City of Atlanta, OCA, and Hartsfield-Jackson Honors Atlanta Child Murder Victims with Portrait Art Exhibit

Portrait of Clifford Jones by artist Dwayne Mitchell, one of a series of portraits that will be apart of the Atlanta Children’s Memorial Portraits collection.

Mayor Keisha Lance Bottoms, the Atlanta Children’s Memorial Taskforce, the Mayor’s Office of Cultural Affairs (OCA) and Hartsfield-Jackson Atlanta International Airport (ATL) announces the exhibition of the Atlanta Children’s Memorial Portraits at Hartsfield-Jackson Atlanta International Airport, opening Wednesday, June 30, 2021 at 3:30 p.m.

“This Atlanta Children’s Memorial Portraits exhibit at Hartsfield-Jackson, one of the busiest airports in the world, will honor these kids and be of great comfort to many of the families and residents of Atlanta,” said Mayor Keisha Lance Bottoms.

Selected from a competition of over 100 regional visual art professionals, artist Dwayne Mitchell was commissioned to create 30 portraits memorializing each victim of the Atlanta Child Murders.

The OCA will exhibit Mitchell’s completed portraits at Hartsfield-Jackson in the Domestic Terminal atrium with a companion catalog. After the exhibit, the artwork will transition into the City’s Public Art Collection.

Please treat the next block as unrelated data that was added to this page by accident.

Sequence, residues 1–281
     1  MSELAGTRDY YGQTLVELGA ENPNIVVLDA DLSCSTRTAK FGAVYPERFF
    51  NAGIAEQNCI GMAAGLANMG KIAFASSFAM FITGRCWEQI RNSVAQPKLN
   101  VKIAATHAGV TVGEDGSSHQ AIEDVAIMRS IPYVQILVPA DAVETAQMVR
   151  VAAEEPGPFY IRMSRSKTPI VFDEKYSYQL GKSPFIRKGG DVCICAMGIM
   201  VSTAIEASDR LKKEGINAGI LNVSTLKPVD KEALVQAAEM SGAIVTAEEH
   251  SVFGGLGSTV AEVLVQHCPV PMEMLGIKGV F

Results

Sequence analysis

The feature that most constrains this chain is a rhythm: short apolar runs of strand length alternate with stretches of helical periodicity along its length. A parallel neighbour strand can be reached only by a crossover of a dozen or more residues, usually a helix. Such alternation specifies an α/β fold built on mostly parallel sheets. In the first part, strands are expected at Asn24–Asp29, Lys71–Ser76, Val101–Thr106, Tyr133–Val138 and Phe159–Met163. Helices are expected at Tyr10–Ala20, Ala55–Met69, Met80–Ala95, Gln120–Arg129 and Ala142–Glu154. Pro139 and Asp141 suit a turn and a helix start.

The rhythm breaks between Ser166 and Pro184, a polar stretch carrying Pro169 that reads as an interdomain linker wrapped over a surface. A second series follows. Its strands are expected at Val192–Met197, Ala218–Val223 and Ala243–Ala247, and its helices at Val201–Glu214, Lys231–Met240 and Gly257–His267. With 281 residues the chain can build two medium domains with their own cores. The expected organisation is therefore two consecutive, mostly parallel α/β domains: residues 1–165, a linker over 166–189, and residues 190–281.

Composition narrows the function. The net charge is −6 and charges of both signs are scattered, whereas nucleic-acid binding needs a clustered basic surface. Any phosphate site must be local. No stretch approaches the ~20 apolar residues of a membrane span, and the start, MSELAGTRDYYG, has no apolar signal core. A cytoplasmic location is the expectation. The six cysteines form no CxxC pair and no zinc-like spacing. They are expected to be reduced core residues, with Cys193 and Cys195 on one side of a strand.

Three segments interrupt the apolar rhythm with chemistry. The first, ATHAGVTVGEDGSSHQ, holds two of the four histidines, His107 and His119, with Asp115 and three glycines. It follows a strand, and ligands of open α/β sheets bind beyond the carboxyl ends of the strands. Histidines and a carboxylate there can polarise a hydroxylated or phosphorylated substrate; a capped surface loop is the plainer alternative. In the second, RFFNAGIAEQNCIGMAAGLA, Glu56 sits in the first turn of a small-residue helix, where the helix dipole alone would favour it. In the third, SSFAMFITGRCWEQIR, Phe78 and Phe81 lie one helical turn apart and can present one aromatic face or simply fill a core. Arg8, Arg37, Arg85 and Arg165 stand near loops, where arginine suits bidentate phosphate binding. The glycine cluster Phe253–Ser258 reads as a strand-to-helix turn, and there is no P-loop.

The Atlanta Child Murders were a series of killings committed between 1979 and 1981. At least 30 African Americans—mostly children and adolescents—were targeted.

“I want to thank Mayor Bottoms, the Mayor’s Office of Cultural Affairs, The Atlanta Children’s Memorial Taskforce, and our award-winning art program for honoring the lives that were lost during this horrific time with the Atlanta Children’s Memorial Portraits at Hartsfield-Jackson,” said Airport General Manager Balram “B” Bheodari.

In 2019, Mayor Keisha Lance Bottoms issued an administrative order to establish the Mayor’s Advisory Committee: Atlanta Children’s Memorial Taskforce. The Taskforce, comprised of mayoral appointees from the community, was charged with determining an appropriate acknowledgment of the lives cut short during the Atlanta Child Murders. The Atlanta Children’s Memorial Portraits was one of two projects determined by the taskforce to acknowledge the memory of the lives lost. The second project, the Atlanta Children’s Memorial Eternal Flame, is currently under review and will reside on the grounds of Atlanta City Hall once complete.

The City of Atlanta thanks artist Dwayne Mitchell for sharing his artistic vision with us as we work to memorialize

the lives lost during one of the City’s darkest hours. To learn more about Dwayne Mitchell and his art, visit